Slashback (Cal Leandros, #8)

Written By: Rob Thurman

Slashback (Cal Leandros, #8) by Rob Thurman





ACKNOWLEDGMENTS


To my mom, who suggested why didn’t I give my old dream of writing a go? If I become a victim of artistic Darwinism, I blame her. Also to Shannon—best friend and sister with a black belt in tough love; to my patient editor, Anne Sowards; Brian McKay (ninja of the dark craft of copywriting and muse of a fictional disease we won’t discuss here . . . but did discuss at length in Roadkill); Agent Jeff Thurman of the FBI for the usual weapons advice; brilliant artist Chris McGrath; Lucienne Diver, who astounds me in the best possible way at every turn; and great and lasting friends Michael and Sara.





   A bad neighbor is a misfortune. . . .

   —Hesiod, b. 800 BC

   History repeats itself. That’s one of the things wrong with history.

   —Clarence Darrow, 1910



   If I cannot move Heaven, then I will raise Hell.

   —Latin proverb





1



Niko

Twelve Years Ago

“Our neighbor is a serial killer.”

It was that kind of day.

There had been tutoring no-necked football players lacking enough in brain cells that I was surprised they didn’t have calluses on their knuckles from walking on them. It would’ve gone well with their gorilla grunting. Following that had been the food poisoning caused by a casserole brought in by Mrs. Dumpfries. The teachers’ lounge had been liberally labeled a biohazard. The color of which is not orange like they tell you, but the bile green of nonstop vomiting. I stood witness to that. I’d gone through three mops.

And now we had a serial killer.

Or so said my little brother.

I closed the door behind me and locked it, not because I was immediately on board with the serial killer comment just issued, but we rented in a bad neighborhood. For us, an average neighborhood would be a more truthful way to put it. We’d not lived in better and we’d sometimes lived in worse. This cramped little house with a pronounced lean, no insulation, and cracked windows in east New London, Connecticut, was nothing special in one way or the other. When we didn’t stay anyplace longer than five or six months, thanks to our mother’s “occupation,” it was all the same. I put my duffel bag containing my schoolbooks and janitor uniform by the door and took off my worn, but warm, Salvation Army coat to hang it from a rusted hook by the door.

With everything in its place I moved to the kitchen table, which wobbled, where my little brother with pencil and paper sat in a chair, which also wobbled. I lightly ruffled his black hair, shaggy in length but with a gloss like silk. Thanks to Cal being a good brother, he let me without complaint.

“Where’s Sophia?” I asked. She had given birth to us and I used the word “mother” sometimes, but the truth of it never quite fit in my mouth.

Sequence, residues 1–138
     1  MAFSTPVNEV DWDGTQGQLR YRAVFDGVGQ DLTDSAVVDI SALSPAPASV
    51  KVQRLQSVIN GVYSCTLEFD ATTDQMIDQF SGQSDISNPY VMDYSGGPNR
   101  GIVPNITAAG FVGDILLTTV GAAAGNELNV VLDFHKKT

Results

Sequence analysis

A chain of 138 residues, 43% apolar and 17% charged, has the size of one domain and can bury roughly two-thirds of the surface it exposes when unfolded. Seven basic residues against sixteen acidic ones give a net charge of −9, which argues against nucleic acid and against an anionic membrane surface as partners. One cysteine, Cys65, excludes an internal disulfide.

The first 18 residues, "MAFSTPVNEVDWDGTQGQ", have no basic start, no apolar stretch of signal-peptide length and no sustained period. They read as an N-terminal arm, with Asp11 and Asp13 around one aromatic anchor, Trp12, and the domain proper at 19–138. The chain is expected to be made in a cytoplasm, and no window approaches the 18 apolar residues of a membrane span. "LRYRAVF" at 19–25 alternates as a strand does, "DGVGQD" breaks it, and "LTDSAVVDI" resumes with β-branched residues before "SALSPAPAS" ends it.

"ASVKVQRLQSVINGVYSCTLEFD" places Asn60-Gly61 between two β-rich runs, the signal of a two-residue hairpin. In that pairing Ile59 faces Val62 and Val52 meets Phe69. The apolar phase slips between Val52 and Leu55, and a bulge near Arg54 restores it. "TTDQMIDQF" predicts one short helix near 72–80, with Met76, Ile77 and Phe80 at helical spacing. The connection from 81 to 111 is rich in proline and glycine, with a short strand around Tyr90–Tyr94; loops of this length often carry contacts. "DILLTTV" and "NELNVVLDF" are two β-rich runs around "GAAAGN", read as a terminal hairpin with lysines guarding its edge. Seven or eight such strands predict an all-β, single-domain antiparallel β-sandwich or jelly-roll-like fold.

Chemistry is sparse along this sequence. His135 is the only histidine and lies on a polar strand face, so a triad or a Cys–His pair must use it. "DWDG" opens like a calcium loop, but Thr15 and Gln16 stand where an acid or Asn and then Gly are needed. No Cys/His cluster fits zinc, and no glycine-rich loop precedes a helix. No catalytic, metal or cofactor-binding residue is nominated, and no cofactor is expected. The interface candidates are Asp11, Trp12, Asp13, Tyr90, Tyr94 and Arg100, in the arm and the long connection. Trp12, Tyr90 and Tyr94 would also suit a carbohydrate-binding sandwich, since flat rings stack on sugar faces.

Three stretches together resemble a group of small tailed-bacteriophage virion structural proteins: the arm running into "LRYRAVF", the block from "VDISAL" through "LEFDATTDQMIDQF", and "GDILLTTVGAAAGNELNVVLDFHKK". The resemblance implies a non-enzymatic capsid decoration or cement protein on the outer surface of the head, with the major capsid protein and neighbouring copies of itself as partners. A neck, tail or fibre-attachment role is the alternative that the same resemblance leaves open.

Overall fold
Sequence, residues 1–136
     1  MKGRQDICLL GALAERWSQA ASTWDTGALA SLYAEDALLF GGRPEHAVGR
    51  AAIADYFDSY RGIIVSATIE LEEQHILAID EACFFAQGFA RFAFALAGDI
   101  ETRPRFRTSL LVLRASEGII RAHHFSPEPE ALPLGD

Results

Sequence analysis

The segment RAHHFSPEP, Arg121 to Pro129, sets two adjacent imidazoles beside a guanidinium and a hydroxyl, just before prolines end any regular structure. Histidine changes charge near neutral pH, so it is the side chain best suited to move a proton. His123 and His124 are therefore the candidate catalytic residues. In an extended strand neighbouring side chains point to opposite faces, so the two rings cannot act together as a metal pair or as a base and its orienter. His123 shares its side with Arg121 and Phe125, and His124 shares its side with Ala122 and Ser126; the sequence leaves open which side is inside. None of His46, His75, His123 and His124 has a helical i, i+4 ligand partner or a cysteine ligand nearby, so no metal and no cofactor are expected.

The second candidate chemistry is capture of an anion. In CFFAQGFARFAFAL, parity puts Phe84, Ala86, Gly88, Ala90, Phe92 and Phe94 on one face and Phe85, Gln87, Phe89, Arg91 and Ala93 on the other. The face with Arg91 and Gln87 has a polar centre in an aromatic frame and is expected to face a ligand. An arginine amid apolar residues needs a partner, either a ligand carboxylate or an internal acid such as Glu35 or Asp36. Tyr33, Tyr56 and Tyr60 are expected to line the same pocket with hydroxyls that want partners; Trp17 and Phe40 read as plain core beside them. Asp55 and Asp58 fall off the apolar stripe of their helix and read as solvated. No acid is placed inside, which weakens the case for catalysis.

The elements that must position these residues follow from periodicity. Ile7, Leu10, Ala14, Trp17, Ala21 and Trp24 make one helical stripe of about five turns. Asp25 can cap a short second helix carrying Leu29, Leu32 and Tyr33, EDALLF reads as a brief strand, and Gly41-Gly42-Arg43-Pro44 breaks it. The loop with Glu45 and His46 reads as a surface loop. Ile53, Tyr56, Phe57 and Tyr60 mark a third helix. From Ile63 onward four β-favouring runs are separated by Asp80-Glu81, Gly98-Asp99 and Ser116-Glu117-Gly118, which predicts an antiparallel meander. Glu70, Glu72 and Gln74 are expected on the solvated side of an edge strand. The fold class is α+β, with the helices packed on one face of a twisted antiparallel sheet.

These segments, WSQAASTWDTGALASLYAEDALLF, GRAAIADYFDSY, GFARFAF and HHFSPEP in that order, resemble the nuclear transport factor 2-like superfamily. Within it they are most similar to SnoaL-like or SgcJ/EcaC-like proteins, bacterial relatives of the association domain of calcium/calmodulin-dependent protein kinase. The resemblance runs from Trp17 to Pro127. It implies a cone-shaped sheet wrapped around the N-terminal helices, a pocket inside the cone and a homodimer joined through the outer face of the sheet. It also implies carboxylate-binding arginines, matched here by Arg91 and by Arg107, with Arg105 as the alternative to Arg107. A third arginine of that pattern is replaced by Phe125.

“Gone. With her suitcase.” The pencil kept moving and he didn’t look up.

With her suitcase . . . that meant she would be gone anywhere from three days to three weeks. If business was slow in the area, she went looking for it elsewhere. She told fortunes, picked pockets, ran scams, whored herself out if the price was right. There was only so much whiskey you could shoplift before the local liquor store owners became suspicious and you had to actually start paying for it. Yes, life was hard for Sophia. I swallowed my anger as I’d been taught. I wouldn’t let Sophia have that kind of power over me.

And truthfully, the times she was gone were the best times.

“Are you doing your homework?” I asked with a little disapproval for him to hear. It was six p.m.—although I couldn’t make it home at the same time he did, I made it there before dark. Always.

The homework—he should’ve been done with it by now. There was also a pan crusted with burned SpaghettiOs in the sink, some less scorched fake pasta in spots on the cracked linoleum floor, and a purple handprint, grape soda probably, on the door of the groaning refrigerator. Cal was a good brother, but there are all sorts of definitions for good when it came to an eleven-year-old.

“Yes, Nik. I’m doing my homework. Watching the serial killer made me get behind.” I didn’t have to see his eyes to know they were rolling with the disdain and sarcasm only an eleven-year-old could manage, and I gave him a gentle swat to the back of the head.

I took the other chair and sat down. “All right. Tell me why our neighbor is a serial killer,” I said with a patience I didn’t have to fake. I listened to Cal when he had something to say. I always listened to him. I had even when he was three and thought a monster lived under the bed, because in our world . . .

In our world, there was every chance that he wasn’t necessarily wrong.

I also listened to him as he’d had to grow up very fast and deserved the respect and dignity that came from surviving a harsh road that I hadn’t been able to change nearly as much as I wished. There were times I could close my eyes and see the small bloody footprints on that blackly grim path. That my larger ones were beside his every step of the way didn’t help. Didn’t absolve.

I was fifteen and I was smart. More than smart. I could admit that because it wasn’t boasting. Being more than smart meant knowing too much. If I’d had a choice, I would’ve chosen to be less smart. I would’ve chosen not to know all about absolution and how hard it was to come by.